The end result, the bottom line is I just wanna be happy eventually. But perfection is a moving target. So if you can just be happy doing what you do, that's all that matters. I was never meant to work in an office, never meant to kiss ass. I've done construction, carpentry, plumbing, landscaping, dug ditches. I worked on a private golf course as a groundskeeper and I loved it.
I have no problem doin' physical labor. If I was a millionaire that would be great, that would be amazin'. But that's not why I'm doin' it. I'm never gonna be dissapointed 'cause I'll still be who I am.
Where you from originally?
I was born in Staten Island, New York.
How'd you get into punk music?
When Sid Vicious killed his girlfriend Nancy in 1978, that happened in New York. I saw that shit in all the papers and I thought it was the craziest shit ever. Then around '79 or whatever, I went to the library by my house and they had Never Mind The Bollocks on cassette tape. I stole it from the library and I still have it to this day. Ever since then, around '80 or '81, I started sneakin' out of the house and goin' to shows and buyin' every record I could get my hands on.
You remember the first punk show you went to?
I honestly can't. I'd see The Ramones, The Clash, The Stranglers. It coulda been at the Palladium or a smaller club, Maxie's or CB's.
Well, something about it made you love that shit.
It got the hooks in me and that's all I wanted to do. I liked Kiss and shit like that, Cheap Trick. But that was, like, rock star shit. The punk thing was, like, you went and saw these bands and then you actually get to meet them and hang out and you're like, "Wow, I can do this too."
What was your first band?
It was called Fathead Suburbia. That was in 1982. I was 14 years old. That was my first time on stage. We had two singers, and I sang backup. The other guys were like these jazz guys who were in their 20s. We played two shows.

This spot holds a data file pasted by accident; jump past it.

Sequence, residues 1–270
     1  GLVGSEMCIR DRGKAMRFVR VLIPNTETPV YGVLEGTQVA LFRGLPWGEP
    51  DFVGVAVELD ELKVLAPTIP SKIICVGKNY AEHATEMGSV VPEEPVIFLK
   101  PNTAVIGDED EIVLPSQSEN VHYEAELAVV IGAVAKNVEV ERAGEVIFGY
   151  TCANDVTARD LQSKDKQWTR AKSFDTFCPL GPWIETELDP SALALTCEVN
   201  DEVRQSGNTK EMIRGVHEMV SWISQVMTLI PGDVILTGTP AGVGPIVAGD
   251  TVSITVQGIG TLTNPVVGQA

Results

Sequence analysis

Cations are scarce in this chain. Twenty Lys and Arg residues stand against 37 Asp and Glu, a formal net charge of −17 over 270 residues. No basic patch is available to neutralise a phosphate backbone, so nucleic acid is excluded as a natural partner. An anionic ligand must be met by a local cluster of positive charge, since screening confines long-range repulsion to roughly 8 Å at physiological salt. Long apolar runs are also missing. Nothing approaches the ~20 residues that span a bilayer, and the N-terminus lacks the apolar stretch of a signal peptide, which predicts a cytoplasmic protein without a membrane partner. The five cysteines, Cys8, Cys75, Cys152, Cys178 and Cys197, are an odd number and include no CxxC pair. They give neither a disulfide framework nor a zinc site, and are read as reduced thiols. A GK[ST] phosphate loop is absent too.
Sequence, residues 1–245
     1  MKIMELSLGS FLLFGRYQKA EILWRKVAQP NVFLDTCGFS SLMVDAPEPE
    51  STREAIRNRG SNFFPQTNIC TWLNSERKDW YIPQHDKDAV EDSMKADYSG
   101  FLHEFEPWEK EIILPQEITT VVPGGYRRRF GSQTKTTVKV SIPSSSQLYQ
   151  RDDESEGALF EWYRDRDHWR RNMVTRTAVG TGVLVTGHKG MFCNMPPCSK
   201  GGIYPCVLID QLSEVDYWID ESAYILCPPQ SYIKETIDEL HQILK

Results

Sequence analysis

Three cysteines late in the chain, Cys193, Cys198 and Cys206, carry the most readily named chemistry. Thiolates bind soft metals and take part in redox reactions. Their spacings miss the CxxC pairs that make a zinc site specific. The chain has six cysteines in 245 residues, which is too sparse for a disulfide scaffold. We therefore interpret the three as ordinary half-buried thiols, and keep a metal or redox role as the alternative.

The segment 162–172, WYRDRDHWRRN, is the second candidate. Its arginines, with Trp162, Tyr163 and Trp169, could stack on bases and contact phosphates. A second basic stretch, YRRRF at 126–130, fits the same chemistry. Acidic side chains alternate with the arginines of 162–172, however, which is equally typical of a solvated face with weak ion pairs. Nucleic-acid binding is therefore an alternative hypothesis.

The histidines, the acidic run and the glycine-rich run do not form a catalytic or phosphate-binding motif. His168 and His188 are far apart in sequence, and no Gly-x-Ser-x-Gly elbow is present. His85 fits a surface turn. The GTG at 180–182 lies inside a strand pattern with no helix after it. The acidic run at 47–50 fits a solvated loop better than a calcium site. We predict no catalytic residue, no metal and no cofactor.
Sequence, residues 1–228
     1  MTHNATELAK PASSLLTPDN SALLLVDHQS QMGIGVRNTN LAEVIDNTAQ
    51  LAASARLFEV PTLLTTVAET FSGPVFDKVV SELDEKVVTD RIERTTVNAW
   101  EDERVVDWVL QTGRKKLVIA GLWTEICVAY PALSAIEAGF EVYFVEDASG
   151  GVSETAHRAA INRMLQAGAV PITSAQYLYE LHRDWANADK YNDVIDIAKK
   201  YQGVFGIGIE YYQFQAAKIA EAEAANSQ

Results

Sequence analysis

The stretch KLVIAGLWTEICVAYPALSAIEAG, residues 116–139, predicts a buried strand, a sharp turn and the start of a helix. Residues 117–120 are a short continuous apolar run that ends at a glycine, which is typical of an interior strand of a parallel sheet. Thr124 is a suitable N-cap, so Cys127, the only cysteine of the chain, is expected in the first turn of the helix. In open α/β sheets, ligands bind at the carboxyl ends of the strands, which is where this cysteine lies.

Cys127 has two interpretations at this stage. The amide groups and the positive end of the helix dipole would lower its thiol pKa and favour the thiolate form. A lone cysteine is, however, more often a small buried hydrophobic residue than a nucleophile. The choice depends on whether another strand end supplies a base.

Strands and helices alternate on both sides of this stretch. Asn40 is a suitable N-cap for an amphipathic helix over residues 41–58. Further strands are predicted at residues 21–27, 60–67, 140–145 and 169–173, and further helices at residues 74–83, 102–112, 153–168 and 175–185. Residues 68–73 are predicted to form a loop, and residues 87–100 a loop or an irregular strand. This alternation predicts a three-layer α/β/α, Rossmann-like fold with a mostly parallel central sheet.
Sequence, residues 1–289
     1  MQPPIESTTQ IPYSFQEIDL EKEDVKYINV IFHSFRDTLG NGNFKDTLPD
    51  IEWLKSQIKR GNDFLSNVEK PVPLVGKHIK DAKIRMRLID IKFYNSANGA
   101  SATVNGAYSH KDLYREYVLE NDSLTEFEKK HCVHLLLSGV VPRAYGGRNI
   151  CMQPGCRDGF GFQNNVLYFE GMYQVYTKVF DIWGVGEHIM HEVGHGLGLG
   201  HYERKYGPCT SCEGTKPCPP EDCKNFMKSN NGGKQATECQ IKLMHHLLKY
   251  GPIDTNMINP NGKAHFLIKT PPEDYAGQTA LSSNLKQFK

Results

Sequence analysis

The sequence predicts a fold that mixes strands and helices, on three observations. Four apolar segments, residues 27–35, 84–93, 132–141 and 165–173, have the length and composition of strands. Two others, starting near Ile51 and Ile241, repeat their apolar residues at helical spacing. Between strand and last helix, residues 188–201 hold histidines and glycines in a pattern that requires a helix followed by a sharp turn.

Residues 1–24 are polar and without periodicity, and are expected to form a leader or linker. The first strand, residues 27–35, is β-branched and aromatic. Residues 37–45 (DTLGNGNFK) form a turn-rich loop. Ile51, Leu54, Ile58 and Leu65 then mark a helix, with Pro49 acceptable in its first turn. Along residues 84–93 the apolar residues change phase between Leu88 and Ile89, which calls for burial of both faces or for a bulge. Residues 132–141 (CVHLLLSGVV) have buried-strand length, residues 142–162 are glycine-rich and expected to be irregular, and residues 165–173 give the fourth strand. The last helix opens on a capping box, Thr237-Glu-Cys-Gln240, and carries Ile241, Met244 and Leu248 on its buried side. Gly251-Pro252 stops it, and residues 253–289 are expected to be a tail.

What did you do after that?
Just playin' with friends in the studio. We'd record shitty demos or whatever and plan to play out and it would never go anywhere. Then in late '84, I answered an ad for a singer. I was the first one to show up. And 27 years later, I'm still doin' it.
What do you think about the Lower East Side now?
It's another world from what it was like when I was a kid hanging out and running around, a completely different world. Gentrified is putting it lightly. Whatever was New York City about this neighborhood is gone. Everything is overpriced, unless you're a millionaire. It's sad in a way. But when it was dangerous, it was fun.
You want now to be more like then?
Nah, the way people think now is different. It's way more cut-throat. When I was 14 years old, all I cared about was goin' out and seein' shows, sending away for 45s in the mail. But I don't want to be 14 now. I want to be 14 then.
So if Sheer Terror at Churchill's is some kid's first show, what do you say to them?
Oh geeze. Ignore the animals. If you see the animals acting a certain way, don't do that. Have a good time, enjoy yourself, and don't try to be something that you're not.
Anything else you wanna say?
I've said it a million times: Punk rock saved my life. This is who I am and what I do. I don't have a choice. Fuhgettaboutit. This is how I get shit outta my system. To create something and see it on vinyl or on video, whatever, I never thought I'd be able to do that. It's incredible. It's kept me out of prison. I look forward to comin' down. A best friend of mine, Steve Poss, the most annoying Jew in the world, is turning 45. It's gonna be a good time.
You gonna hit up South Beach?
I'm not one for clubbin'. Or, like, pastels. If anything, I'll hit up as much Cuban food as I can, without a doubt.
Sheer Terror with Trust No One and Nobody's Hero. Saturday, March 17. Churchill's Pub, 5501 NE Second Ave., Miami. The show starts at 9 p.m. Call 305-757-1807 or visit churchillspub.com.